The Littlest Protestors – Moshav Zecharya

Named for the nearby ancient town of Beit Zecharya, Moshav Zecharya has an interesting history. The current community was founded by Kurdish Jewish immigrants. Its early years were punctuated by bloody strife between the area’s Jewish residents and neighboring Arabs in the area. Since then, the moshav has grown into a peaceful, successful agricultural village. Belev Echad has been drawing its residents closer to their Creator since for 17 years.

The Littlest Protestors

Kids! Rabbi Elchanan shook his head. He loved his learning group of preteen boys on Moshav Zecharya. But he also had a problem.

The boys were – boys. Rowdy. Rambunctious. Mischievous. Though they seemed to enjoy the learning sessions Rabbi Elchanan organized for them in the moshav’s shul, they also seemed unable to hold themselves back from highly un-shul-like behavior.

Rabbi Elchanan wasn’t sure what to do. His normal class-control methods weren’t working. He couldn’t fathom putting an end to the group, but he also couldn’t allow its young members to keep disrespecting the beit knesset.

I won’t end the class, he thought. I’ll just tell them that because of their behavior, we need to take a break. Perhaps they’ll see I’m serious, and we’ll try again in a month or so.

Rabbi Elchanan sent his message to the boys through a different Belev Echad madrich.

He was completely unprepared for the boys’ reaction.

The next day, as he drove up to the beit knesset to deliver a mens’ class, he noticed a crowd of what looked like political protestors. They were brandishing handwritten picket signs and yelling hoarsely.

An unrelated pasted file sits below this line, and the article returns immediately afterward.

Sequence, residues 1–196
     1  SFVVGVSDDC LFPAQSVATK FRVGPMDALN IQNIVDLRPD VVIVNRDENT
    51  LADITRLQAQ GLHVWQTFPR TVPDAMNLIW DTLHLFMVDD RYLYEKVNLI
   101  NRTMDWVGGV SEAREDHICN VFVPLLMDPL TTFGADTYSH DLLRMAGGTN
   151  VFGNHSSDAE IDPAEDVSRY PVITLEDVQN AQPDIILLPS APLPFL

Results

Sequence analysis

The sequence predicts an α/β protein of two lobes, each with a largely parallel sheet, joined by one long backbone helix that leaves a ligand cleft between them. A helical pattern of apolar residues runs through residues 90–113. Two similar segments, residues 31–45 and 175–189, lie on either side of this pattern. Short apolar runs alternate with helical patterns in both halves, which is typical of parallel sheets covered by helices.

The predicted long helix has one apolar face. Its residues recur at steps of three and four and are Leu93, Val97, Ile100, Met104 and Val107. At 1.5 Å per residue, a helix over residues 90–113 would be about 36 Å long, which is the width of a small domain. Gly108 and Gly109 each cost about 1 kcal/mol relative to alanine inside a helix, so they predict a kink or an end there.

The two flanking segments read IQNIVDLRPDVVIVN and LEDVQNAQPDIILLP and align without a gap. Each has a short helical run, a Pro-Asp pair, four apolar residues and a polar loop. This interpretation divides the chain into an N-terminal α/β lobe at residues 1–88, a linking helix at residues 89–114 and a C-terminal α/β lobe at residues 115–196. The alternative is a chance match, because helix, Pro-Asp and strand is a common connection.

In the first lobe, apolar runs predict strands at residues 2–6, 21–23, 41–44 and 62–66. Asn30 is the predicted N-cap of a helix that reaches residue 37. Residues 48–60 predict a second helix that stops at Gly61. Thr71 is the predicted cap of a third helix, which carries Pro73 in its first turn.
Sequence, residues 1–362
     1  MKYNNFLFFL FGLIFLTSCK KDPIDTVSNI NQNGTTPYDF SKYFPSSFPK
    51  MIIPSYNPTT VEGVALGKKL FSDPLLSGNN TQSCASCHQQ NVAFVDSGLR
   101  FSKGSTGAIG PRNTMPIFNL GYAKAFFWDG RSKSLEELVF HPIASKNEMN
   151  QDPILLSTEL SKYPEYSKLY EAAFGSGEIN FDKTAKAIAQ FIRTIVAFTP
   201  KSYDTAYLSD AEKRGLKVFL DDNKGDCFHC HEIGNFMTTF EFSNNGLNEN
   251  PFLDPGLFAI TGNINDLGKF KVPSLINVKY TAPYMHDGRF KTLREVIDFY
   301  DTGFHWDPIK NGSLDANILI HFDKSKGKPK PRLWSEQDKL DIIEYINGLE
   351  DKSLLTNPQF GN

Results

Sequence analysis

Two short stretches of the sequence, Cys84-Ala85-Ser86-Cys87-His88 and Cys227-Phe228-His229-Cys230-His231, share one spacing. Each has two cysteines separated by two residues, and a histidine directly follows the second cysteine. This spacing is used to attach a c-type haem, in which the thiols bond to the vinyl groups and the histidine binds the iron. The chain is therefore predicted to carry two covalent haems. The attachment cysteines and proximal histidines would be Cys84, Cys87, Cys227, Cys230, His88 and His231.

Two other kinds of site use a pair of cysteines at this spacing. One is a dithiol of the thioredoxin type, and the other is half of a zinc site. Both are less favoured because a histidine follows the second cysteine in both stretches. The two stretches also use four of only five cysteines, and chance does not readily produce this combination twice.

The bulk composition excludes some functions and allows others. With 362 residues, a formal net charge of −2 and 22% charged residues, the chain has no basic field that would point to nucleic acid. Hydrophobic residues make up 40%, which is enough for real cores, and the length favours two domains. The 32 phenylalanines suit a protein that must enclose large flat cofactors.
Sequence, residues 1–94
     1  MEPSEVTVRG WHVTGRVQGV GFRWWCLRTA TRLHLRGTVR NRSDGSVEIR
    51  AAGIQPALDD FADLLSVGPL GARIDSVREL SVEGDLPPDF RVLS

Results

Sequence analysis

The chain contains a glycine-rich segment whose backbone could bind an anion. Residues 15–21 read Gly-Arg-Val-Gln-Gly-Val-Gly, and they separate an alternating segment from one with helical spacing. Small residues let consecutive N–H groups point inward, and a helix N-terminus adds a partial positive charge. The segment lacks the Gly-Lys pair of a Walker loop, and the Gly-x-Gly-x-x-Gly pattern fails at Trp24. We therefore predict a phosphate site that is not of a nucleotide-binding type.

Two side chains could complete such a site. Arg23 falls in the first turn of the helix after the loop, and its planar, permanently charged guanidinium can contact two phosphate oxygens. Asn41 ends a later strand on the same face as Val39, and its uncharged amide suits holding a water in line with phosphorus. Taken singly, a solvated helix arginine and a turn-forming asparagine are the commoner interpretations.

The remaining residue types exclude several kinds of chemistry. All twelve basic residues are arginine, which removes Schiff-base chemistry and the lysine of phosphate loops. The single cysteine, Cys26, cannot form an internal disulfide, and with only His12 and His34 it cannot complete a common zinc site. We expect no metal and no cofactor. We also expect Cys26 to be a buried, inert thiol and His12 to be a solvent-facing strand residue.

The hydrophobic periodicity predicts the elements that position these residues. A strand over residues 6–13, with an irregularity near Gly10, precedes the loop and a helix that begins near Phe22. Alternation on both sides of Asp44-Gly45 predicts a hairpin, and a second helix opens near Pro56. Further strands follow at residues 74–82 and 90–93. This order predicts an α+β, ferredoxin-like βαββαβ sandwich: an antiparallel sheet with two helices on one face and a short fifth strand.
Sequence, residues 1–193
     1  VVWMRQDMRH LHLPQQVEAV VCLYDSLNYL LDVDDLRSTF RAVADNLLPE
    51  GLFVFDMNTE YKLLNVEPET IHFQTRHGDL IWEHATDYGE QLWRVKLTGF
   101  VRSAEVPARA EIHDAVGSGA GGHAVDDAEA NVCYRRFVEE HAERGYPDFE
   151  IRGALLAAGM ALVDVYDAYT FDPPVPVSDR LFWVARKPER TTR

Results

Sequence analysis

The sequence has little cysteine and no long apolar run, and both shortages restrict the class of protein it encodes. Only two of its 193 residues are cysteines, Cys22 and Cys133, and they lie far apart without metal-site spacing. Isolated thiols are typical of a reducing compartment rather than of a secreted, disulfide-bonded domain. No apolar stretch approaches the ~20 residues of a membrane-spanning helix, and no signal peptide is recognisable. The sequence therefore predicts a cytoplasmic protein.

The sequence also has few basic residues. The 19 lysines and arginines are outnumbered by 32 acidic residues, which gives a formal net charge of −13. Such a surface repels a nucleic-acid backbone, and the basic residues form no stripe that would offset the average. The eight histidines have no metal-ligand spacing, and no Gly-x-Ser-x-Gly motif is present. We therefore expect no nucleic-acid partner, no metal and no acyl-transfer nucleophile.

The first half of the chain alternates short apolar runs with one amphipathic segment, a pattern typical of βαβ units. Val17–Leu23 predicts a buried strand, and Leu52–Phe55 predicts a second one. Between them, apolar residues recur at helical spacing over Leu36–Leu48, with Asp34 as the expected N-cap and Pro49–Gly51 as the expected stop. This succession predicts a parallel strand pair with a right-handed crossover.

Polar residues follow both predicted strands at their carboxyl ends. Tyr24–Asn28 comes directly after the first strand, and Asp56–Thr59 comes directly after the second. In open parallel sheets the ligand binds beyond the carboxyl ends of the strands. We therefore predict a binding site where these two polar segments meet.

When he got a little closer, he gasped – and burst out laughing. The protestors were his little students! Their signs held slogans like “NO CLOSING THE SHIUR!” and “WE NEED TORAH!”

Rabbi Elchanan laughed harder as more signs came into view: “WE LOVE YOU RABBI Elchanan!” “THE SHIUR MUST GO ON!” “HOW WILL WE BECOME BAR MITZVAH??”

Suddenly, one of the boys spotted Rabbi Elchanan’s car. He motioned wildly to the others, who let out a collective whoop and rushed to surround the car.

Inside, Rabbi Elchanan wiped his eyes. Kids! Wonderful kids! Still chuckling, he pushed the door open and stepped into the small-but-mighty swarm.

“Okay, okay, boys, you win!” He put his hands up in the air. “I’ll make you a deal. You agree to behave as best you can – and we can have another learning session in an hour.”

The boys let out a cheer. When their time slot came, they tumbled into the beit knesset excitedly, looking comical as they tried to balance their enthusiasm with their promise to act respectfully.

Rabbi Elchanan watched them, heart swelling with gratitude. Belev Echad and its Torah classes were well beloved – and making a deep, genuine impact.

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